Gabriel N. Hortobagyi, MD, FACP
2012-2013 BCRF Project:
Professor and Past Chairman
Department of Breast Medical Oncology
Nellie B. Connally Chair in Breast Cancer
University of Texas MD Anderson Cancer Center
Member, BCRF Scientific Advisory Board
Co-Investigator: Mien-Chie Hung, PhD
, University of Texas MD Anderson Cancer Center
Breast tumor initiating cells (or BTICs) are highly aggressive cells that are thought to be responsible for resistance to therapies. Drs. Hortobagyi and Hung have expanded on their previous findings that EZH2 can enhance the BTIC population, by exploring its mechanism of action. They found that the enzyme CDK may play a role in the EZH2's enhancement of BTICs. In addition, they developed the expression system VISA-Claudin4-BikDD that can be used as gene therapy for breast cancer patients and are currently working towards a phase I clinical trial.
Since their previous studies on EZH2 and BikDD have attracted grants from other sources thanks to initial funding from BCRF, Drs. Hortobagyi and Hung now plan to focus on related research focusing on triple negative breast cancer/basal-like, which is a highly heterogeneous disease and shares many similar characteristics of tumor initiating cells (TICs, or cancer stem cells) particularly in its metastatic capability. In order to understand central molecular targets and signaling networks that are associated with this hard-to-treat breast cancer, this team plans to use bioinformatics in their identification of potential therapeutic targets. The first priority of their analysis will be to focus on cancer-related kinases to determine whether these kinases contribute to the cancer stem cell properties and metastatic abilities of triple negative breast cancer. Their preliminary results have given clues as to what may inhibit the cell growth and clonogenic ability of triple negative breast cancer cells, as well as what may play an integral part in triple negative breast cancer progression. If successful this new project will identify important molecular targets and signaling crosstalk, and Dr. Hortobagyi and Hung hope that the findings will be translated into clinical settings for treating triple negative breast cancer.
Mid-year Progress: Since fall, Drs. Hortobagyi and Hung have successfully identified potential critical molecular targets that may contribute to triple negative breast cancer progression. These targets may also predict outcomes of overall survival. Drs. Hortobagyi and Hung's findings provide a basis to further develop novel therapy and/or potential marker-guided clinical trials for triple negative patients.
Read more about Drs. Hortobagyi and Hung's work in Science Daily
Gabriel Hortobagyi, MD, FACP is Professor of Medicine and Past Chairman of the Department of Breast Medical Oncology and Nellie B. Connally Chair in Breast Cancer at the University of Texas MD Anderson Cancer Center. He was also the Director of the Breast Cancer Research Program at the same institution. Dr. Hortobagyi has over 750 full-length publications in peer-reviewed journals; more than 350 invited papers; and over 140 book chapters to his credit.
Dr. Hortobagyi is recipient of the 1997 Brinker International Award, the 1999 Vermeille Medal of the City of Paris, France and was named Chevalier of l'Ordre de la Légion d'Honneur de France in 2001. Dr. Hortobagyi received the Glen Robbins Award in Breast Cancer Research from the New York Cancer Society and the Metropolitan Breast Cancer Group in April 2003, the Bristol-Myers Squibb 2003 Horizon Scientific Award; in 2004 Dr. Hortobagyi was the Jeffrey A. Gottlieb Memorial Award recipient, and was honored as the first recipient of the Umberto Veronesi Award for the Future Fight Against Breast Cancer. In 2005, Dr. Hortobagyi received the medal of the Mexican Society of Oncology, and the Mario Rabinovich Prize in Argentina; in 2006, he received the Luigi Castagnetta Prize in Italy, and the Pathfinder Award of the American Society of Breast Disease. In 2007, he received the Beacon Award from Cancer Care in New York, the Cruz Civica Jorge Bejarano, in Colombia, and the keys to the City of Cartagena (Colombia). In 2007, Dr. Hortobagyi was the recipient of the Gold Medal for Contributions to Translational Research in Oncology, at the First International Conference "Translational Research in Oncology" in Forli, Italy, and in 2009, he was given the ASCO Statesman Award, the Charles A. LeMaistre Outstanding Achievement Award in Cancer and the John Mendelsohn Lifetime Scientific Achievement Award. He has also received three honorary doctorates: from the Universitá degli Studi di Modena E Reggio Emilia, Modena, Italy; from the La Universidad Autonoma de Nuevo Leon, Monterrey, México; and from the Universidad de Buenos Aires, Argentina.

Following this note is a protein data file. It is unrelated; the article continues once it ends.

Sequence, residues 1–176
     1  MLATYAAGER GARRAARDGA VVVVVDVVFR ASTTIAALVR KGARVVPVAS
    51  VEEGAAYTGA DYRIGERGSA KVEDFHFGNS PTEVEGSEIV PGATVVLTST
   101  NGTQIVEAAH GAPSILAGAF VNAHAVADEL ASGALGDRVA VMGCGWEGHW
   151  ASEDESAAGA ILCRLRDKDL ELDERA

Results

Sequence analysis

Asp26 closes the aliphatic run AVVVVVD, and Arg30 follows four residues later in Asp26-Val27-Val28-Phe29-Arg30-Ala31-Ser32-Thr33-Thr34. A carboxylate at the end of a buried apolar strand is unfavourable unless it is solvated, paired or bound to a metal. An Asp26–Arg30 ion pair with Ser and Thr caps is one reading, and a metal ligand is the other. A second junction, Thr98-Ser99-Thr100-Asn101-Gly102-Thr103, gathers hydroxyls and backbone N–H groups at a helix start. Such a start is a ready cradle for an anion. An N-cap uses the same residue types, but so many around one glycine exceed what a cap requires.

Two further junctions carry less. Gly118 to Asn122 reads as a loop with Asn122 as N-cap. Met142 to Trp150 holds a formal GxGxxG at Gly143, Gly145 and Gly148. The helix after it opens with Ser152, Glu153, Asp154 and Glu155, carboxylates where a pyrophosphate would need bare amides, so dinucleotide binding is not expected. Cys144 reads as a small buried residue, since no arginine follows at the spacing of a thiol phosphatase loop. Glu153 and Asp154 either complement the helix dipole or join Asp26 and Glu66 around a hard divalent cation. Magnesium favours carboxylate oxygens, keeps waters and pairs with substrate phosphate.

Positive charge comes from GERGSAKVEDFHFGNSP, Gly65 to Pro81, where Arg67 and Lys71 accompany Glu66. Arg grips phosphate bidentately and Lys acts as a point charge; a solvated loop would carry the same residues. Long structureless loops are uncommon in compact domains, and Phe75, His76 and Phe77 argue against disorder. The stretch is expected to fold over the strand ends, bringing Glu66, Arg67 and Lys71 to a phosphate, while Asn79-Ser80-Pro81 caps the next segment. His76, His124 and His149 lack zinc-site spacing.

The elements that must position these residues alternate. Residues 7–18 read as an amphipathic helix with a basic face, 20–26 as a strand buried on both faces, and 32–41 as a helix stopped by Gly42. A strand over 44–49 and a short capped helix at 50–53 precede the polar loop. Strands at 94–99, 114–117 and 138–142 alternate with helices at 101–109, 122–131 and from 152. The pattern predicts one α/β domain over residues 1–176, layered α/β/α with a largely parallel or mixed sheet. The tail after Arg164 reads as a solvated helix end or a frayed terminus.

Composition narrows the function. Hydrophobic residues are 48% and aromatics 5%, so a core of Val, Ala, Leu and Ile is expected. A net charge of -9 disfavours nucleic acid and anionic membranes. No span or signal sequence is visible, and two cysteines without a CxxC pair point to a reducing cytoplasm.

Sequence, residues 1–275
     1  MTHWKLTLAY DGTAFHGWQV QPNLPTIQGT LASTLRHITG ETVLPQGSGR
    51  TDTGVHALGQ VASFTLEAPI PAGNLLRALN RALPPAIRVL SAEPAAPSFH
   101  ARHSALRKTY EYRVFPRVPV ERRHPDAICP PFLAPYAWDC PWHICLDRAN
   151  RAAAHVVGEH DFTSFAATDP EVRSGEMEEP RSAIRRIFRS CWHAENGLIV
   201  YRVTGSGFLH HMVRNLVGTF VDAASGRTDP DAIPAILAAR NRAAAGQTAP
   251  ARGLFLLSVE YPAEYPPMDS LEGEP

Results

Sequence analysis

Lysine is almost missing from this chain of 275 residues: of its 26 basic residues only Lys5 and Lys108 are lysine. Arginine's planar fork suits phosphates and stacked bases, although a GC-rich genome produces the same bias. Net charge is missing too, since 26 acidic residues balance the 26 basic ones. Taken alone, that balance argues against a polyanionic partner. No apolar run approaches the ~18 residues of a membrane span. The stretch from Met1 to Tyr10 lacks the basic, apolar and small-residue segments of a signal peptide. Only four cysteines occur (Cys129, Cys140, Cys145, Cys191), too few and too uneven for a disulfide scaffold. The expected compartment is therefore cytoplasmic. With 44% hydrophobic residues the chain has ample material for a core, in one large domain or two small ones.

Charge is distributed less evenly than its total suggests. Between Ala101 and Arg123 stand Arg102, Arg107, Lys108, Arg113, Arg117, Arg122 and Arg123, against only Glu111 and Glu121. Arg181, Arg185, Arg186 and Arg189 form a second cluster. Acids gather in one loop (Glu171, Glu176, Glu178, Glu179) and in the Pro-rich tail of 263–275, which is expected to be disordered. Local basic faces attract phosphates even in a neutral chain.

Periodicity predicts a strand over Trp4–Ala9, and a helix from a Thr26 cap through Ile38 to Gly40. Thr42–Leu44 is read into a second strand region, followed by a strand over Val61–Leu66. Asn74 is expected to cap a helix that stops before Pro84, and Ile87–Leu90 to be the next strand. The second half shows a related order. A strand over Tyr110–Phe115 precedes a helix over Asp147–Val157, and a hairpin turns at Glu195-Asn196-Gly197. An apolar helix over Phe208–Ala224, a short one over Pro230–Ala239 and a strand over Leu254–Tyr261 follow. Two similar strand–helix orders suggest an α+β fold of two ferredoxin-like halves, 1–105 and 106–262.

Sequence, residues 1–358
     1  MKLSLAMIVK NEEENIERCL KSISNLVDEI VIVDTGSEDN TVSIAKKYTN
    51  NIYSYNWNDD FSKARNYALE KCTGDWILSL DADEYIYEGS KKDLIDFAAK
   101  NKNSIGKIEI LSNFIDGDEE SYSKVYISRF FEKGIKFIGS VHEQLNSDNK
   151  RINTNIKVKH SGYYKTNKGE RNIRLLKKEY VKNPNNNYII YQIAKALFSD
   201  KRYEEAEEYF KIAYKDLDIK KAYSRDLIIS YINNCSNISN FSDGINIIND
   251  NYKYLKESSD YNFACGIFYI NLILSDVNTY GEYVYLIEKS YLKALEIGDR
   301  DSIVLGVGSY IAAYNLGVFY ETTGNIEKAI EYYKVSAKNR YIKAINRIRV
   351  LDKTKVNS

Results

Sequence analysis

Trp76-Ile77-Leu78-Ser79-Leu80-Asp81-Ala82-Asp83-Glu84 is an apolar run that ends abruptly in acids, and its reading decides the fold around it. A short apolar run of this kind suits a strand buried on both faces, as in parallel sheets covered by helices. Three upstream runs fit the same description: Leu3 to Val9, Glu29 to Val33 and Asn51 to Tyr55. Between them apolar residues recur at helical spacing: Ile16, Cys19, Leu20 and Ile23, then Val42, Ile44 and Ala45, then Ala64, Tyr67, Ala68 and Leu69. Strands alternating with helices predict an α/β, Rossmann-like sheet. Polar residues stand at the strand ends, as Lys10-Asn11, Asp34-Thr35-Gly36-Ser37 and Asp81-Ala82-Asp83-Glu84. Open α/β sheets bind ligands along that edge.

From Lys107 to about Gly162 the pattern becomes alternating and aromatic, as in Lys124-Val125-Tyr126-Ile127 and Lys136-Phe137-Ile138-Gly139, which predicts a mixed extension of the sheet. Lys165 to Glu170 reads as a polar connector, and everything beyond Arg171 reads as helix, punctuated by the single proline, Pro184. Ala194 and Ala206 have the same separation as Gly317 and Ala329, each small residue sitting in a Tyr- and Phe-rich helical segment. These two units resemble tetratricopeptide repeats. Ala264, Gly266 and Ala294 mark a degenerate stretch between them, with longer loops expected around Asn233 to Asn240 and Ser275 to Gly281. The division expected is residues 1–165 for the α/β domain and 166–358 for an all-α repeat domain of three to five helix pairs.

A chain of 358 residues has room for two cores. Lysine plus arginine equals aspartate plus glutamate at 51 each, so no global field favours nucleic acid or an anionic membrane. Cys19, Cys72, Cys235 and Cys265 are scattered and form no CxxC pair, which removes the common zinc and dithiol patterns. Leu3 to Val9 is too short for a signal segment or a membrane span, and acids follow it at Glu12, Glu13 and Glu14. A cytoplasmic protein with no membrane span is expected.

Dr. Hortobagyi's professional society activities include membership in the American Society of Clinical Oncology, where he has served on various task forces, chaired committees, served on the Board of Directors, and in 2005 was elected President for the term 2006-2007. He chairs the Data and Safety Monitoring Committee of the National Surgical Adjuvant Breast and Bowel Project; and served as President of the International Society of Senology. He served as a member of the U.S. National Committee for the International Union Against Cancer, the National Cancer Institute's Breast Cancer Progress Review Group, co-chaired the Operational Efficiency Working Group, and chaired the Steering Committee of the Breast Health Global Initiative and the Health Advisory Board of the Susan G. Komen Breast Cancer Foundation, and was a member of the Integration Panel of the Breast Cancer Research Program of the Department of Defense. Dr. Hortobagyi is on the Scientific Advisory Board of The Breast Cancer Research Foundation and currently chairs SWOG's Breast Committee.